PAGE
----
home care for your jaw
Dentistry is primarily about tooth and gum health, but it’s impossible to separate the teeth from the structures that surround, support, and ultimately allow those teeth to function properly. In other words, without the jaw joint (TMJ) and the facial muscles that support that joint, teeth can’t fulfill their primary function: chewing.
But the TMJ and its surrounding muscles are often worked overtime. We eat, we talk, we swallow, we chew gum, and many of us clench and grind our teeth when we are intensely focused, under stress, or even unconsciously in our sleep. That’s a lot of exercise. In fact, for most of us, the TMJ and facial muscles comprise one of the most exercised systems in our bodies.
If we ran a marathon every day, we’d probably take the time to stretch our legs and care for our knees, ankles, and hips. We’d have to, if we expected those systems to continue to function at such a high capacity day after day. Running a marathon every day is pretty extreme, even for the most trained athletes, and yet many of us ask our TMJ and facial muscles to do exactly that – often without even realizing it.
listen to your body
- These techniques should not hurt.
- If pain occurs, stop immediately and consult a dentist or physician before proceeding any further.
- Clicking, popping, grating, or other joint sounds could be an indication of a TMJ disorder. Please consult a neuromuscular dentist if you are experiencing any of these symptoms.
All of us can benefit from stretching and caring for our jaws at home. And for those of us experiencing stiffness, aching, tightness, or spasms in that area, self-care becomes even more important. Even headaches can be related to tension and spasm in the facial muscles, and stretching those muscles may often help alleviate headache pain. Practicing the stretches detailed below can significantly reduce – and even prevent – the aches and pains most often associated with TMJ and facial muscle fatigue.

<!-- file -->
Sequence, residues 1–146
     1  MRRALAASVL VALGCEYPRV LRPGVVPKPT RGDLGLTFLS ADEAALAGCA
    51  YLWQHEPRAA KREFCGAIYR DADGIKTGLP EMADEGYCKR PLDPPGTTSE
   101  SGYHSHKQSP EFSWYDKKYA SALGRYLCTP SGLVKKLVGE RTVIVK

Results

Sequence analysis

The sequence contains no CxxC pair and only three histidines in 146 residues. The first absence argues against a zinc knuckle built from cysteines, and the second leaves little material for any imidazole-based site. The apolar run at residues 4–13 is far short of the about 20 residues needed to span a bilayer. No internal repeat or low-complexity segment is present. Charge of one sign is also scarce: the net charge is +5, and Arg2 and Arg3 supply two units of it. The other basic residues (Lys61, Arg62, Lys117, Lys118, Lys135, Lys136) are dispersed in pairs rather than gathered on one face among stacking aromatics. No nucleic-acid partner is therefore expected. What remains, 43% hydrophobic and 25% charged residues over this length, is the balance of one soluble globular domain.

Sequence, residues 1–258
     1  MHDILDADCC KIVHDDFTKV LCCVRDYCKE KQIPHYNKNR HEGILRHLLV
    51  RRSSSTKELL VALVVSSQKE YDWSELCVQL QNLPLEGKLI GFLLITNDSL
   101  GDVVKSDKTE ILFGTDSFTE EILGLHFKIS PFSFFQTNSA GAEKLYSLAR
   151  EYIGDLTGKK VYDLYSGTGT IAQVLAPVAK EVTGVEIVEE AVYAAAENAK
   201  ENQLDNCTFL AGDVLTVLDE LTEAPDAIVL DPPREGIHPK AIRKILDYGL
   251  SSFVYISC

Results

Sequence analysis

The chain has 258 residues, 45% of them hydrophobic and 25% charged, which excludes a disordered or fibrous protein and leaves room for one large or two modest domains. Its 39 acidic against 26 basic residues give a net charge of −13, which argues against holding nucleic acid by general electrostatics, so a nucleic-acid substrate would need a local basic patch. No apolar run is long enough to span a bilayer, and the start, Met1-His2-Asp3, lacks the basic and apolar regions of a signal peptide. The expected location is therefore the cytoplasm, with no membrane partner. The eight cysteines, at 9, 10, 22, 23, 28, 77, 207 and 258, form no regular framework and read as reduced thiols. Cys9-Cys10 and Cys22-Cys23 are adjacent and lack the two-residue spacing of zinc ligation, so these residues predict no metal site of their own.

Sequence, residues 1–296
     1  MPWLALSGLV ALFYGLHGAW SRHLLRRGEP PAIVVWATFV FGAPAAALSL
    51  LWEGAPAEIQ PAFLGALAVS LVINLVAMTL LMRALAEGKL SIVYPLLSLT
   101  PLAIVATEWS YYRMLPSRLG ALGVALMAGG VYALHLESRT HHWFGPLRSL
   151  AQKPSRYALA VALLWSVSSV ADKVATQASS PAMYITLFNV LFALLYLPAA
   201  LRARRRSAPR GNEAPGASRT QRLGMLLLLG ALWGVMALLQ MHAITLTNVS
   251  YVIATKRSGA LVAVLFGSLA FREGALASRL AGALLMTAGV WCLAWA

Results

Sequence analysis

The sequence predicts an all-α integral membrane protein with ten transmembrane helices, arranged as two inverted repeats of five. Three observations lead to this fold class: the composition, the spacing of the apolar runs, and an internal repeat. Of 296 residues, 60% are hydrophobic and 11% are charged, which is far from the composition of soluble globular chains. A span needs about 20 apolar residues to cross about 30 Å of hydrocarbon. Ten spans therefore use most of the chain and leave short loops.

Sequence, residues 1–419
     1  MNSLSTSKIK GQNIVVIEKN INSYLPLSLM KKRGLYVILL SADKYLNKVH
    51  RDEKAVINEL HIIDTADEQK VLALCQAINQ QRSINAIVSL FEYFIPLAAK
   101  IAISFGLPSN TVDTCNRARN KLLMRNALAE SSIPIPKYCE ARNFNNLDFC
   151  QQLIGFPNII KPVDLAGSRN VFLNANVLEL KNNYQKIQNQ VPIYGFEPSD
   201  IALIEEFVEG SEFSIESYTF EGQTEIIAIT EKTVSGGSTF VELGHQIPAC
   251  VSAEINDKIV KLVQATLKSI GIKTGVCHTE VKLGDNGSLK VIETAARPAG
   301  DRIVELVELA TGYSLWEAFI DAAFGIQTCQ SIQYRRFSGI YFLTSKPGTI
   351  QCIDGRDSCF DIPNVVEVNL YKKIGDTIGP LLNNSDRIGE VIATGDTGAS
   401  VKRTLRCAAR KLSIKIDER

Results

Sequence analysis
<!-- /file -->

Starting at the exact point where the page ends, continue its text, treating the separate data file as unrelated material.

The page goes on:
a note about stretching
Stretching is meant to be a slow and gentle exercise. Do not try to push your muscles or joints to full extension. Stretch to the point of slight resistance. You may feel some tension or a “good” soreness, but you should not feel pain. If you do experience pain, back off the stretch slightly until you reach a place where there is no pain. Listen to your body. There is no right or wrong amount of extension. Every person will be different depending upon his or her individual anatomy and level of muscle spasm or fatigue. Placing ice on the sore muscles for 5 to 10 minutes before stretching is often helpful.
jaw stretching series
Do the following cycle of stretches 2-3 times a day, or any time you feel tension or soreness in your head, neck, or jaw:
Stretch Open & Return to Center
Slowly open your mouth as wide as is comfortable while looking up with your eyes. Hold for 5 seconds, and then slowly return to your starting position. The movement should be smooth and even. Do not ‘bounce’ at the extension in an attempt to push the stretch further.
Stretch Left & Return to Center
Now slowly shift your lower jaw to the left as far as is comfortable while looking to the right with your eyes. Use the same smooth and even movement, and again, do not ‘bounce’. Hold for 5 seconds, and then slowly return to center.
Stretch Forward & Return to Center
Slowly slide your lower jaw forward so that your lower teeth extend beyond your upper teeth. If your muscles are very tight, this stretch may be difficult. Don’t worry if you can’t get your lower teeth out in front of your upper teeth at first. Do the best you can without inducing pain. Hold for five seconds, and return to center.
Repeat the full cycle twice more.
additional tongue stretch
With your tongue pressed lightly against the roof of your mouth, slowly open your mouth as wide as you can without inducing pain. Hold for 5 seconds and then slowly close and relax for 5 seconds. Repeat two more times. Add this exercise to your jaw stretches each day.
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